How to Say Hello
When you enter a conference room to greet the prospect, try to avoid shaking hands over the table. Instead walk around the table to the other side and shake hands. Do the same at the end of the meeting.
Where/How to Sit
The preferred place to sit at the table is a center seat, not an end seat. However, you should always sit across and close to your client. The one exception is if the client sits at the end, you should sit on the side, but close to the client.
Assuming you are with a team of people, the most important people involved in the pitch should sit closest to the prospect. That often means that if you are the most senior person at the table, but you won’t be actively involved in the account, you should sit further away.
When it is your turn to present there are a few things to think about. If the chair you are on goes up and down, set it as high as possible. Lean in slightly. Hands above the table. Don’t sit straight up, and never lean back. Feel free to move your hands as you talk, but not as exaggerated as when you are standing. Stay in that position for the entire time of your presentation, including Q&A. The only time to sit back is when you hand off the presentation to your team mate.
When your team mate is presenting it is very important that you look interested. This may be difficult because you may have heard the pitch a million times, and you’re now relaxing after your turn. But, all of the prospects on the other side are watching and you have to look interested. Avoid pushing too far back from the table; avoid crossing your arms as you sit and listen.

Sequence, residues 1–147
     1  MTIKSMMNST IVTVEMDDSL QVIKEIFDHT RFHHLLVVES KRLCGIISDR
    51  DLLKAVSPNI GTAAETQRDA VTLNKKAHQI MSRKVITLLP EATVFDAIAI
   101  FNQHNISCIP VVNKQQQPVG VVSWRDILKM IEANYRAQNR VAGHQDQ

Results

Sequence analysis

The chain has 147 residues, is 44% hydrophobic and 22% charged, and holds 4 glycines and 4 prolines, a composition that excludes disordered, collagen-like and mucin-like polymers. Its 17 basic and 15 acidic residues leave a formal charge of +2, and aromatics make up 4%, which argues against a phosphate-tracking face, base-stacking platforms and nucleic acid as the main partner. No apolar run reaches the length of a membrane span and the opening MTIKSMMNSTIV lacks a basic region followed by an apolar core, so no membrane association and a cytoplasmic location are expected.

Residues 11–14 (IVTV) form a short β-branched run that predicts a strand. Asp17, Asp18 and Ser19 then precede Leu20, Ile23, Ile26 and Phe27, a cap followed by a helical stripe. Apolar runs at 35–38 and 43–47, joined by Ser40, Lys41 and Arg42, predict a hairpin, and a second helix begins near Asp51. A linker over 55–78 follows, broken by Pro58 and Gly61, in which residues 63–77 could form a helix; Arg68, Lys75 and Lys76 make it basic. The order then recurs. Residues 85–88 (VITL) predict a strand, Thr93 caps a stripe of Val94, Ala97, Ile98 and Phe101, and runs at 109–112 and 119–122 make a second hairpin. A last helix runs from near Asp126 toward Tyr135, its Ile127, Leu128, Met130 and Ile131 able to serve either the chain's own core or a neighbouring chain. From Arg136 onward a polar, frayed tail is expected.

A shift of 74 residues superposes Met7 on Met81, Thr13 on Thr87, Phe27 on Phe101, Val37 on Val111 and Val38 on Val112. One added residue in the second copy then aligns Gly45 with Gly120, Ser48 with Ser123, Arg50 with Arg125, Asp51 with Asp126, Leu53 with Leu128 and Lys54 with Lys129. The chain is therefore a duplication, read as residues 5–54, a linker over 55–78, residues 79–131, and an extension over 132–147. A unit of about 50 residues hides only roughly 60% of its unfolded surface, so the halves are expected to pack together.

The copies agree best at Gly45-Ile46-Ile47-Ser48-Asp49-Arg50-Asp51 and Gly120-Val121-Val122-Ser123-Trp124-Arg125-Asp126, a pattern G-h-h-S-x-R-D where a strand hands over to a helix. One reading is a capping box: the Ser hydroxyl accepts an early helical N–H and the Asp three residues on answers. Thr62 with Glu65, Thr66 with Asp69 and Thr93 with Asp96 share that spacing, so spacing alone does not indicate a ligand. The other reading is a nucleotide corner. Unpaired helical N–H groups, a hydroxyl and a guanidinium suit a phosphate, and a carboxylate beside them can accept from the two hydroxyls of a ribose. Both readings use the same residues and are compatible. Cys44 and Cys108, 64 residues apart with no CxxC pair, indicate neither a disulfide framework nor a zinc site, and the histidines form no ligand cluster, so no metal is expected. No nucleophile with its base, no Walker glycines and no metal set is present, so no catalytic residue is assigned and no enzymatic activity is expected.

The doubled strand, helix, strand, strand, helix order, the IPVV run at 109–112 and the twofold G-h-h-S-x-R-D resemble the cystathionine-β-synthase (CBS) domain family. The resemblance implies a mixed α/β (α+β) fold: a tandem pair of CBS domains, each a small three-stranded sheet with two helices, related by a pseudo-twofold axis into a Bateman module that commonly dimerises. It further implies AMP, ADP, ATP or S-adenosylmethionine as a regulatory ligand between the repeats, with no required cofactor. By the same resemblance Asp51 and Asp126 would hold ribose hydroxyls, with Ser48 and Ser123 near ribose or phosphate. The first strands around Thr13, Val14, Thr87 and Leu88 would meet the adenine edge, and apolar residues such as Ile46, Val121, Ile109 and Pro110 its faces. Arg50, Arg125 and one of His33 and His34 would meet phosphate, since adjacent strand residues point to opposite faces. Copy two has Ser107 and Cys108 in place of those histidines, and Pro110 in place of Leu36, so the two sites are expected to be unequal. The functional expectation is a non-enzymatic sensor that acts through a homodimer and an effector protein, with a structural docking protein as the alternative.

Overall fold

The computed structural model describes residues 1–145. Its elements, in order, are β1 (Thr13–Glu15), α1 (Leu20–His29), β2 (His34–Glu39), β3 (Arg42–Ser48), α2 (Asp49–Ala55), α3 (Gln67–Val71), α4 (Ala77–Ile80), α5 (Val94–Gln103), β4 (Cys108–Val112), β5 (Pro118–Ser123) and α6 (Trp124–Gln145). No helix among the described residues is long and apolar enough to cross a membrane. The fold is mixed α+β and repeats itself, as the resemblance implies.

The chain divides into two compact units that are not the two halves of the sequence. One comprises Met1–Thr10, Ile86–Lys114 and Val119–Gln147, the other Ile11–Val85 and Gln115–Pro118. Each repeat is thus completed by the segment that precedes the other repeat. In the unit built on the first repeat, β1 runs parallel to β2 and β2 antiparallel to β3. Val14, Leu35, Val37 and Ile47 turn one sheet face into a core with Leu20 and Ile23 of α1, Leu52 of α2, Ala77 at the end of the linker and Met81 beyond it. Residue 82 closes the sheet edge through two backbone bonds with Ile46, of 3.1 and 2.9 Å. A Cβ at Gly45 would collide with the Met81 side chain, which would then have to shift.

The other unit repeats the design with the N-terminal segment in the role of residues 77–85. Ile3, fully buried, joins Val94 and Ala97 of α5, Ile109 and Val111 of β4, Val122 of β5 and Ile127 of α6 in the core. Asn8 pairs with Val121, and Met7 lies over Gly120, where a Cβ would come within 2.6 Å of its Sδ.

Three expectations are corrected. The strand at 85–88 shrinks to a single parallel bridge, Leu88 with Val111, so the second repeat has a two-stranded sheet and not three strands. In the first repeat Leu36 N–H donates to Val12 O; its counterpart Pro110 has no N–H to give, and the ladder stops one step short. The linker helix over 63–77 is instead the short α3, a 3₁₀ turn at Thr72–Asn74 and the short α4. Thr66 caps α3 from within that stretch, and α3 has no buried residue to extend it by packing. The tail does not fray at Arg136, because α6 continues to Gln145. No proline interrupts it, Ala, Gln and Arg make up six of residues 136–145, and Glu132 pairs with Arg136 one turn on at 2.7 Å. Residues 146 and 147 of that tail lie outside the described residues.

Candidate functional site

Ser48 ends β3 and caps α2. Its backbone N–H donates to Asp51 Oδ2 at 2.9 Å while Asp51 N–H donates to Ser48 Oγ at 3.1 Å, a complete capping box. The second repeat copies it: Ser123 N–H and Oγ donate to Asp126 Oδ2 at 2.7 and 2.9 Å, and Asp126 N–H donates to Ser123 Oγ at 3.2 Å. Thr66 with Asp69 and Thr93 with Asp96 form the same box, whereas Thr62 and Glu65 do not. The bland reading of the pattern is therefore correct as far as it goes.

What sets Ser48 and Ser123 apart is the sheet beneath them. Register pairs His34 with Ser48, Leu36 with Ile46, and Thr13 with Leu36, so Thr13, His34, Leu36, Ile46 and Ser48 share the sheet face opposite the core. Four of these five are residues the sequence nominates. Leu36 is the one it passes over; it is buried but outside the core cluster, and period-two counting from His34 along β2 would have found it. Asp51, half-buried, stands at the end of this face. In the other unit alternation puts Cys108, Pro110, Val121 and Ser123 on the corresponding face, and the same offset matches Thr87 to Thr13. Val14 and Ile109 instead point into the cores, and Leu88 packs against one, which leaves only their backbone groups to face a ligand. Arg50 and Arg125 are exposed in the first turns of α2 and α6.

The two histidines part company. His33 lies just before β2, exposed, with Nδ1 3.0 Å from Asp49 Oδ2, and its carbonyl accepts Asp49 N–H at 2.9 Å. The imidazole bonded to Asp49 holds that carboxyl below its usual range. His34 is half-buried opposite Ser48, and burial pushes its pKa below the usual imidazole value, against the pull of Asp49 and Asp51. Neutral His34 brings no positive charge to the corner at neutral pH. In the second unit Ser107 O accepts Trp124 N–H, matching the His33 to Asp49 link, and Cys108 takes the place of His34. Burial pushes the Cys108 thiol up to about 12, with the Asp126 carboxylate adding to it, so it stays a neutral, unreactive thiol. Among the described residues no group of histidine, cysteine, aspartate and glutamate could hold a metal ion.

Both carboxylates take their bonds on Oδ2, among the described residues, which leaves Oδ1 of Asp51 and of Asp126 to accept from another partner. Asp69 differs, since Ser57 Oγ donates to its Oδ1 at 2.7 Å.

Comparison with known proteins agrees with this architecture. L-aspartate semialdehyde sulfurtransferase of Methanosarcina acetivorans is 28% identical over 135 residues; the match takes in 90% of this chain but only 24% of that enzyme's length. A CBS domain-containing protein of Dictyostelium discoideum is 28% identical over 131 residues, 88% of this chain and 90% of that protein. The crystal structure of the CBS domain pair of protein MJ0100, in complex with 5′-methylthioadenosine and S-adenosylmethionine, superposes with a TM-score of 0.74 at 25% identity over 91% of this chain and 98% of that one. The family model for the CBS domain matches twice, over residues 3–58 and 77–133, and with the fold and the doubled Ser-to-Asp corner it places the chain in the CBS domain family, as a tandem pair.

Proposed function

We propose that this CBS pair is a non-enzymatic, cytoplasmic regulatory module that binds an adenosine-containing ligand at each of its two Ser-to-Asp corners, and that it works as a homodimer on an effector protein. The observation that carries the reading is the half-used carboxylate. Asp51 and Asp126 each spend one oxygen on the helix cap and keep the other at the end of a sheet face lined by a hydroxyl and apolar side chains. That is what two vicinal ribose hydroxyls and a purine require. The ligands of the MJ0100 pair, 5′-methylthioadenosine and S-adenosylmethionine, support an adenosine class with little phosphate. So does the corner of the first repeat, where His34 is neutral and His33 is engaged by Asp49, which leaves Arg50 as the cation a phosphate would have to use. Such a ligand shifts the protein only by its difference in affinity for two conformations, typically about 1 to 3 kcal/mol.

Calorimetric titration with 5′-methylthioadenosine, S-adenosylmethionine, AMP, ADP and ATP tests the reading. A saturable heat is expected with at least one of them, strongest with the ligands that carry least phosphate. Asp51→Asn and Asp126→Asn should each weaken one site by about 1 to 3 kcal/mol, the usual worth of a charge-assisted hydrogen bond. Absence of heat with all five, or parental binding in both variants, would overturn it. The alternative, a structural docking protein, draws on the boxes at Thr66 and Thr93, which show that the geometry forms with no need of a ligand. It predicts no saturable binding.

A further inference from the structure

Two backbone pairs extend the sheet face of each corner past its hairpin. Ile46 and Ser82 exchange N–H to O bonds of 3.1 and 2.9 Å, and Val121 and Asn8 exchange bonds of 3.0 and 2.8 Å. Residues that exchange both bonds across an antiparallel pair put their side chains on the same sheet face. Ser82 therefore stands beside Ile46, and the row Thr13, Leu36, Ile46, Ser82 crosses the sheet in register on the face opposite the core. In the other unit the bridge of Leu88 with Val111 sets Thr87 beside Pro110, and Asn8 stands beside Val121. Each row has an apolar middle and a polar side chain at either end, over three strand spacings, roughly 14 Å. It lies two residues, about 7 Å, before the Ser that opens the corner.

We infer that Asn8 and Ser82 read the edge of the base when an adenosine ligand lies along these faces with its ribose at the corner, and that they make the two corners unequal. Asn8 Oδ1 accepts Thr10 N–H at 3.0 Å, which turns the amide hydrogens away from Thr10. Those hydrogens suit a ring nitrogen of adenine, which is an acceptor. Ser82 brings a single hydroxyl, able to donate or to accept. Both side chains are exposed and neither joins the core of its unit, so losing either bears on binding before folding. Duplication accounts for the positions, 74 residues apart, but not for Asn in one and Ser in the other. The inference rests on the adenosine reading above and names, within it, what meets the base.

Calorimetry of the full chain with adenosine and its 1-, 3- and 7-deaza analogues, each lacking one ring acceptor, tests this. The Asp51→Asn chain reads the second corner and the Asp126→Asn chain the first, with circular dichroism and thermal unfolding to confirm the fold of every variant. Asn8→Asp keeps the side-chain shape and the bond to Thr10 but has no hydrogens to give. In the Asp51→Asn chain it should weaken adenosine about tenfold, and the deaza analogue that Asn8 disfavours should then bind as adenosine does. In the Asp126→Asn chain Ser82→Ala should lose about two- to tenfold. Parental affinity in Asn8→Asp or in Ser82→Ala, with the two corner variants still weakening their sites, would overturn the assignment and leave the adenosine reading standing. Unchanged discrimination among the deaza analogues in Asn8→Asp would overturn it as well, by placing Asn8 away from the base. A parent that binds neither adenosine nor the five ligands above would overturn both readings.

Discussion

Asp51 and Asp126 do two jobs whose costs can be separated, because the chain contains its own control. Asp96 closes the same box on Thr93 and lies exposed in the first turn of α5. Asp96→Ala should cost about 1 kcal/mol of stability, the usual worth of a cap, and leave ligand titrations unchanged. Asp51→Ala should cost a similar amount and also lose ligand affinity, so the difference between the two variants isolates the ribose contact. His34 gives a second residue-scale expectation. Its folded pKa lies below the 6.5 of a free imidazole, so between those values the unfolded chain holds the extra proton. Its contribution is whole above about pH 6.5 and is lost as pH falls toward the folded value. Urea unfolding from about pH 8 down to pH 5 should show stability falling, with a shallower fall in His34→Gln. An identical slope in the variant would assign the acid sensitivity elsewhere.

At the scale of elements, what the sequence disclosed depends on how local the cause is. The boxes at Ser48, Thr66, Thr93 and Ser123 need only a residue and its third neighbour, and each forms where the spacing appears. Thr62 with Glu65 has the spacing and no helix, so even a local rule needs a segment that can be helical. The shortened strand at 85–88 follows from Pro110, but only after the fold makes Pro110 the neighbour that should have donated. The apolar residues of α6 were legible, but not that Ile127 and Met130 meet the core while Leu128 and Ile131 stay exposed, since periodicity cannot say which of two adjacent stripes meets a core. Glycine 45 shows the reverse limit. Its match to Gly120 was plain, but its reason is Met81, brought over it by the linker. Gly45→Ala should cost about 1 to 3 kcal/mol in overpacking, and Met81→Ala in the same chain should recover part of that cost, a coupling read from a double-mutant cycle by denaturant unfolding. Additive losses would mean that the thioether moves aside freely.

If you are presenting exhibits or drawings for the prospect to look at, it’s fine to stand up at your chair and put them out, leaning in as you discuss each one.
Make Eye Contact with Everyone
Make sure that when you are presenting, or answering questions, that you make contact with everyone on the other side of the table, not just the CEO. The other people may not be able to hire you, but they can sure see to it that you are not hired. You can bet that after the meeting the CEO will call her team together and say “OK, what do we all think?” You need all of those people on your side. Do that with eye contact and smiles.
Ask for the Business
Someone on your team should be charged with summarizing the presentation at the close then asking the prospect for the business. Whoever that is needs to look them all in the eye, ask for the business, then, everyone on your side must remain silent until the prospect responds.
Congratulations. You just won a nice account.